Fan Fare

Entertainment behind the scenes

Bloggers: music industry tastemakers?

March 20, 2009

sxswAs the influence of traditional music critics at newspapers and magazines wanes, a new breed of critic, armed only with a computer and an Internet connection, is filling the void.

Though the Baby Boomer generation got their music recommendations from the likes of Rolling Stone Magazine and similar outlets, the next generation of music fan attending the South by Southwest Festival in Austin, Texas, is seeking out a new “tastemaker” — the blogger.

That’s due in part to staff cutbacks by U.S. newspapers and other publications, which has forced them to focus on big-name national acts and give local bands short shrift, said  Robert Duffy, founder of music blog called

“If you picked up the local paper you wouldn’t know what’s going on on the local music scenesxsw2 outside maybe the orchestra,” Duffy, who lives in Columbus, Ohio, said at a panel on blogging at the 10-day music, film and interactive networking event on Thursday. “They’re not thinking about local music.”

Though old-style music reviewers gained notoriety by “slamming” bands with negative reviews, modern-day bloggers — who often have day jobs — only have time to write about bands they actually like, said Glenn Peoples from Nashville, Tennessee, who runs a music industry blog

In some ways bloggers have replaced the “cranky record store clerk” as the source for musical hints, Peoples said.

However, Justin Gage, founder of blog Aquarium Drunkard in Los Angeles, said he still relies on long-term clerks at record stores like Amoeba Music for advice.

sxsw5Gage and Duffy both agreed that bloggers can play a big role in convincing music publishers to sign record deals with bands. “That word-of-mouth thing – you can’t beat it,”  Gage said.

Janet Timmons, editor of Out the in Nashville, said her blog focuses almost exclusively on in-town acts, mostly rock bands. “We’re one of the last really enthusiastic mediums,” said Timmons, who has posted many blogs about the Nashville  band The Features.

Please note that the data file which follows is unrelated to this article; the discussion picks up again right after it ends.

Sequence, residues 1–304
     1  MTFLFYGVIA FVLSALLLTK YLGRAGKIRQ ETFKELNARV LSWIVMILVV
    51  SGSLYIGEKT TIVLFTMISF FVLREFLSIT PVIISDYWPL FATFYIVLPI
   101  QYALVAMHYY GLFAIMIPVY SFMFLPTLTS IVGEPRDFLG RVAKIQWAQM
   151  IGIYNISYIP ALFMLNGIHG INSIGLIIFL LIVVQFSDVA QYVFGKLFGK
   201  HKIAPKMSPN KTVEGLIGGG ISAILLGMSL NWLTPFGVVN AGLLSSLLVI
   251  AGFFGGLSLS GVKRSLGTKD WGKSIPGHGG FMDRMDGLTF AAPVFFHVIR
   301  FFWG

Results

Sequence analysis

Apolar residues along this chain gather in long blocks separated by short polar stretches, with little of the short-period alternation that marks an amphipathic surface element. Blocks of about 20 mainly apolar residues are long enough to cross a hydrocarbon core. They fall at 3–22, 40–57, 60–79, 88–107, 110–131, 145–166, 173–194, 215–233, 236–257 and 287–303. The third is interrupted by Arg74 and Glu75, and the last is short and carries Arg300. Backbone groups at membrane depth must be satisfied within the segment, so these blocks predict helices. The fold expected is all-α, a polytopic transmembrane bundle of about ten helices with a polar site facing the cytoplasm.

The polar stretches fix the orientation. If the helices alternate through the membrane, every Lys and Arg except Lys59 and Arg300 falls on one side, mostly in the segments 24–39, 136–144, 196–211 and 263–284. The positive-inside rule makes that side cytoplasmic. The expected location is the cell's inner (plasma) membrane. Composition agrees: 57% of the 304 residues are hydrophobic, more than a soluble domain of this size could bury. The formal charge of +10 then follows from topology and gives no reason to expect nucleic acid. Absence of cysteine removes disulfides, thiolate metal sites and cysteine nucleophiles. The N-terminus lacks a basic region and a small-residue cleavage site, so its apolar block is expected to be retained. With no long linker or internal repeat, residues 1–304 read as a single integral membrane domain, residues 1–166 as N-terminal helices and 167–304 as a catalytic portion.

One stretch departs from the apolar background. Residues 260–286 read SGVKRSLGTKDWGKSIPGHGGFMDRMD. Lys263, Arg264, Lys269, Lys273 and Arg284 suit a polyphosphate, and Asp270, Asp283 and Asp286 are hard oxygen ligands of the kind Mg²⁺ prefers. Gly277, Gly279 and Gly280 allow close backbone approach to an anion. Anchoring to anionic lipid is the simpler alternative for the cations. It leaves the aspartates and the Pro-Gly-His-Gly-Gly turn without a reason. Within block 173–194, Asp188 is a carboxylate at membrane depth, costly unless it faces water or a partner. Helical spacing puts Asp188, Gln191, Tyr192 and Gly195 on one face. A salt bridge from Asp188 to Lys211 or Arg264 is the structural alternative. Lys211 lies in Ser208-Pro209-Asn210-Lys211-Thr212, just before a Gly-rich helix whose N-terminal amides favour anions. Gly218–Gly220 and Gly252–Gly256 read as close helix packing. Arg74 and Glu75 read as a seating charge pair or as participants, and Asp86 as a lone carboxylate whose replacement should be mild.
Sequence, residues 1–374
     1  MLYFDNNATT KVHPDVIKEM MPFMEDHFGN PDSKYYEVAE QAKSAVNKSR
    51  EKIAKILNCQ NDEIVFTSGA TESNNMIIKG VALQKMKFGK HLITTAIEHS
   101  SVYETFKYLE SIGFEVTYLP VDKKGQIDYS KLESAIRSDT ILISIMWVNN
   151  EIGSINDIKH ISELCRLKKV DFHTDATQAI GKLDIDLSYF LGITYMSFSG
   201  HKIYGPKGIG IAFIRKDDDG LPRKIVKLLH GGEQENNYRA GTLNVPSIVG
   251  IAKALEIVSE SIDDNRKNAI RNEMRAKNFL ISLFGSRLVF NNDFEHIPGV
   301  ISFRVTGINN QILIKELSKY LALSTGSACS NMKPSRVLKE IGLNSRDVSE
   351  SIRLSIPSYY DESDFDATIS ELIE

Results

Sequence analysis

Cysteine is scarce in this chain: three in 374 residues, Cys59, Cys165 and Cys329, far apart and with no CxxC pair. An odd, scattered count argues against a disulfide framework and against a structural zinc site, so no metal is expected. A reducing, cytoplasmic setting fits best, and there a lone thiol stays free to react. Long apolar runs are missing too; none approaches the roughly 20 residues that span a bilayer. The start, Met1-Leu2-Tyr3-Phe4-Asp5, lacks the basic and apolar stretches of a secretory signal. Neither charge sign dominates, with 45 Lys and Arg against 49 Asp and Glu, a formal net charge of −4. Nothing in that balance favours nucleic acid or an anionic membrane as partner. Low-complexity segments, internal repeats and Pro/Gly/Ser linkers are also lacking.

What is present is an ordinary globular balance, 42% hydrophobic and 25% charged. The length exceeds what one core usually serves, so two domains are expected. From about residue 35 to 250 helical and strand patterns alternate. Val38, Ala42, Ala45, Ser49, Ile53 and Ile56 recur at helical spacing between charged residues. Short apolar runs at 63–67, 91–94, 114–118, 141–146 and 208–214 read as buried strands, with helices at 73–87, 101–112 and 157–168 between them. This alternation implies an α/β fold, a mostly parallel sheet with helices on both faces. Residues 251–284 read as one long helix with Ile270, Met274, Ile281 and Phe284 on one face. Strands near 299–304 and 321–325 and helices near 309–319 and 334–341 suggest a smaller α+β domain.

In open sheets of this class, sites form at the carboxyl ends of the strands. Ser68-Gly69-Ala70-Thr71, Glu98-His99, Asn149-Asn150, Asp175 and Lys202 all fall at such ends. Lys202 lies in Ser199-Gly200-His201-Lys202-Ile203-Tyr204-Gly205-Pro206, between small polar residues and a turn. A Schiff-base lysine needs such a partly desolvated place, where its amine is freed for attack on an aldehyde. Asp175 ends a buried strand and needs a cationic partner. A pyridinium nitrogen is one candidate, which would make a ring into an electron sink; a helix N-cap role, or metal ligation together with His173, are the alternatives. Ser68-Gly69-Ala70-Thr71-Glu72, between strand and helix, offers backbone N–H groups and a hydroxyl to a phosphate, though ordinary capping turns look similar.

- Photo credits: Reuters/Chris Baltimore (Top: Festival-goers line up in the Austin Convention Center; Middle: The band “Two Hours Traffic” from Prince Edward Island in Canada perform; Bottom: Festival-goers take in a performance at SXSW)


Wow, I am decades weary of that “cranky record store clerk” thing. I’d say customer service has gone to hell all over our country (also on the phone and online) but I’ve met some of the nicest people ever in record stores – and Amoeba in LA probably gets singled out because it really is the happiest nicest bunch of people you’d ever want to get advice from. I think I’ll never forgive High Fidelity as a movie or book or whatever, because as much as it nails the OCD knowledge the record store people have for music – I’ve never been in a store where disrespectful stuff is allowed to go on. Whether it’s the record shop or the indie book shop: that is where I get excellent customer service nearly every time & elsewhere I get ignored …and I can’t hang out and get advice for 12 minutes chatting about stuff back & forth holding the product with a blogger. (Just did that with some books & a book clerk is why it’s in my head…) I’m net junkie/blog hound – but if the day comes I can’t chat with a clerk, I’ll be lost.

Posted by Not JackBlack | Report as abusive

With all these talent shows, people are invested in the person long before they have any actual music to base your opinion, it ends up being a charitable donation than a record sale, like a parent buying their child’s lemondade


too right. look at blogs like Disco Dust (, Bad Fotography (, Sheena Beaston (

Disco Dust blogs dance music that would otherwise be unheard of, Bad Fotography blogs up the Leeds music scene alot amongst its collection of underground dubstep /dnb / indie posts (and blogged about the new PJ Harvey album before the Guardian did) and Sheena Beaston is just all round awesomness.

Posted by trentrampage | Report as abusive

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